As financial institutions struggled to come to grips with their asset portfolios that consisted of both mortgages and mortgage backed securities, they endured losses and the prospect of capital inadequacy. New funding for mortgages declined, while existing mortgage defaults increased. The first round of defaults involved sub-prime loans, but given current economic forecasts the wider market may soon be impacted. All these events have adversely impacted the financial sector and the real estate market. Builders have new home inventories that are being sold at deep discounts compared with pricing that was possible a few years ago. Existing homes are coming on the market, many due to foreclosure, which is also lowering prices. However, with the credit crunch, there are few buyers for these properties, and in the short term it seems that the mortgage crisis will deepen.

Faryal, who lives in Texas, has an interest in banking and finance. (Pun intended)

This article was originally published in the print edition of Valuemag, issue 2, June 2008.

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Fareeha Qayoom
Fareeha Qayoom
Publisher and editor-in-chief of Tkfr.com and former print editions of The Knit-Xtyle Fashion Review (tkfr), a trade newsletter for the textile and apparel industry of Pakistan. In short, Publisher, editor, and a blogger. In addition, she has served as Managing Editor of MIT Technology Review Pakistan, print and web editions (2015-16). Total of 7 editions were published under her leadership by ITU, Punjab's first public technology university under the license of MIT Technology Review (USA). She has also managed Value Mag in the same capacity, a real estate and lifestyle magazine for Value TV - 2008-9. Published freelancer for The News on Sunday 1994-96. Fareeha has over 21 years of solid management experience – of managing brands (like Harley Davidson, Munsingwear, Chaps, Chaps Ralph Lauren etc.,), Retailers (like Target, Mervyns, Kohl's, Marks and Spencer etc.,), customers (VPs, Product Managers, Unit Managers, and Buyers), and products (apparel - woven, knits, men's, women's, children's, Print and online publishing units), projects, teams, and processes, information, content, and data, staff, vendors, and time. Versatile and adaptable with international exposure, communication and language skills (oral and written), and a consistent track record of achieving company targets and objectives, plus a MA in Political Science from Punjab University, a MSc in Economics from La Salle University, Louisiana, USA, and a BA in Economics from Kinnaird College for Women.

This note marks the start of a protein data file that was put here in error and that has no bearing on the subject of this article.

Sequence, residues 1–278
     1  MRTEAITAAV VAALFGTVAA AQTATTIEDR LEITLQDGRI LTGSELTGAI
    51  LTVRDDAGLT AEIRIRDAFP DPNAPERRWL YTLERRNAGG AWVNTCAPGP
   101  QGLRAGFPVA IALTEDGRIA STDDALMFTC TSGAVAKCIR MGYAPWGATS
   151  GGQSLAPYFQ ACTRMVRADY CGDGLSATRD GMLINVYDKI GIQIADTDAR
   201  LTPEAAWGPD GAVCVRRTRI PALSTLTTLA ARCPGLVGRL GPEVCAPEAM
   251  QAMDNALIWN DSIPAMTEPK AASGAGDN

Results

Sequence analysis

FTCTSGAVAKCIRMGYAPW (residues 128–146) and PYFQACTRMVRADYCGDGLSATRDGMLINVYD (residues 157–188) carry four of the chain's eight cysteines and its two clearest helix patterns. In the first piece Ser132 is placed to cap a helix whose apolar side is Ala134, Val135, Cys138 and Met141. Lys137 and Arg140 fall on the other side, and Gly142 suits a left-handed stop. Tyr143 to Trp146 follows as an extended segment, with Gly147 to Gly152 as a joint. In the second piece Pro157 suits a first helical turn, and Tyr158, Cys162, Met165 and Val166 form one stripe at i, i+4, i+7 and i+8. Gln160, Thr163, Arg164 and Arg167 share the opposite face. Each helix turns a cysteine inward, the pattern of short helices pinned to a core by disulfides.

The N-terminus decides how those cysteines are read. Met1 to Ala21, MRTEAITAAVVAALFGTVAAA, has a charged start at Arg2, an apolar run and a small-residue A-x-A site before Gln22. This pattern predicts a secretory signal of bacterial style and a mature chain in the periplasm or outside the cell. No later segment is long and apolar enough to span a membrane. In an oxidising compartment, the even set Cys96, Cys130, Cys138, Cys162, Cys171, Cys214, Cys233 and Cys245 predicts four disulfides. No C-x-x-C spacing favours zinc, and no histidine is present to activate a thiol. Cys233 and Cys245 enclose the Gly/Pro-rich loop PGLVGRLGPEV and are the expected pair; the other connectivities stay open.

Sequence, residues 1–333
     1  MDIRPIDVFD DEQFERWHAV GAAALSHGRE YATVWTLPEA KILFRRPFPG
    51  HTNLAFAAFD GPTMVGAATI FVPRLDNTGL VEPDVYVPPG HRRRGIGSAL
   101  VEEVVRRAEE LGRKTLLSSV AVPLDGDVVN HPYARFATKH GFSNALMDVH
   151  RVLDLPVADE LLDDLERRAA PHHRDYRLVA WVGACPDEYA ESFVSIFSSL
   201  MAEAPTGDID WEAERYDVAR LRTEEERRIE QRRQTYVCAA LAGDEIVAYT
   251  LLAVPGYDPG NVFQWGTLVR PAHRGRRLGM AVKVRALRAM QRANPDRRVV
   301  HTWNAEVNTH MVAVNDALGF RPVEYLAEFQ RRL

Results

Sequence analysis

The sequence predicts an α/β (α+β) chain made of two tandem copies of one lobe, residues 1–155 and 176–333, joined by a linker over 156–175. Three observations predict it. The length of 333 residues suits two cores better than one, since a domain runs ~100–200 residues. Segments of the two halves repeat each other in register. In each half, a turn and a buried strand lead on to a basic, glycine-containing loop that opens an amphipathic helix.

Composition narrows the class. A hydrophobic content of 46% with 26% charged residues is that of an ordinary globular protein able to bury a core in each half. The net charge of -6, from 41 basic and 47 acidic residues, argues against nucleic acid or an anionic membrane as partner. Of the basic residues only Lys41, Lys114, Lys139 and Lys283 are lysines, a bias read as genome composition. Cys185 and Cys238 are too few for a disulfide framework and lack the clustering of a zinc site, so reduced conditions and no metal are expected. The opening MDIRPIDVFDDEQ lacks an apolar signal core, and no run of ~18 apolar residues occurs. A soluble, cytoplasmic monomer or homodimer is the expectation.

7 Comments

  1. […] Fareeha Qayoom wrote an interesting post today onThe US <b>Mortgage</b> Crisis: An American Dream Gone Sour | TKFR.comHere’s a quick excerpt […]

  2. Obama administration revises anti-foreclosure strategy
    By Dina ElBoghdady and Renae Merle
    Washington Post Staff Writer
    Saturday, March 27, 2010

    The Obama administration Friday tried to manage expectations about its newest foreclosure-prevention efforts, while consumer advocates and others who track the housing market praised the initiative but questioned whether it would succeed in curtailing the foreclosure epidemic.

    http://www.washingtonpost.com/wp-dyn/content/article/2010/03/26/AR2010032604603.html

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  3. Bailout watchdogs slam Obama housing programs
    By David Lawder
    WASHINGTON | Wed Jul 21, 2010 4:47pm EDT
    (Reuters) – Obama administration housing rescue programs have been ineffective at preventing a rise in home foreclosures even as the government’s support for the mortgage market grew by nearly $700 billion in the past year, U.S. bailout watchdogs said on Wednesday.